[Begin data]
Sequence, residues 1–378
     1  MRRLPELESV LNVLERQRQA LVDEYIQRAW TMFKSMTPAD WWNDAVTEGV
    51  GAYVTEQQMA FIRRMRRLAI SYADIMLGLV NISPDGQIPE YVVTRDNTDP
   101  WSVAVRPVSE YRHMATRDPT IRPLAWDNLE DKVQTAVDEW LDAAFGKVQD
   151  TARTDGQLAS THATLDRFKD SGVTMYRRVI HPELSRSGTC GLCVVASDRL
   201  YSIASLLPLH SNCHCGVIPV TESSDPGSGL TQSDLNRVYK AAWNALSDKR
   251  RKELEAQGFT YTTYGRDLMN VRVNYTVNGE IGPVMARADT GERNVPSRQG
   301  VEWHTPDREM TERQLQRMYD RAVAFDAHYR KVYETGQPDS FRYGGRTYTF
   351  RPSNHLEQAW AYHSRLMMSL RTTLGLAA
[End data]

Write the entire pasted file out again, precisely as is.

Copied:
Sequence, residues 1–378
     1  MRRLPELESV LNVLERQRQA LVDEYIQRAW TMFKSMTPAD WWNDAVTEGV
    51  GAYVTEQQMA FIRRMRRLAI SYADIMLGLV NISPDGQIPE YVVTRDNTDP
   101  WSVAVRPVSE YRHMATRDPT IRPLAWDNLE DKVQTAVDEW LDAAFGKVQD
   151  TARTDGQLAS THATLDRFKD SGVTMYRRVI HPELSRSGTC GLCVVASDRL
   201  YSIASLLPLH SNCHCGVIPV TESSDPGSGL TQSDLNRVYK AAWNALSDKR
   251  RKELEAQGFT YTTYGRDLMN VRVNYTVNGE IGPVMARADT GERNVPSRQG
   301  VEWHTPDREM TERQLQRMYD RAVAFDAHYR KVYETGQPDS FRYGGRTYTF
   351  RPSNHLEQAW AYHSRLMMSL RTTLGLAA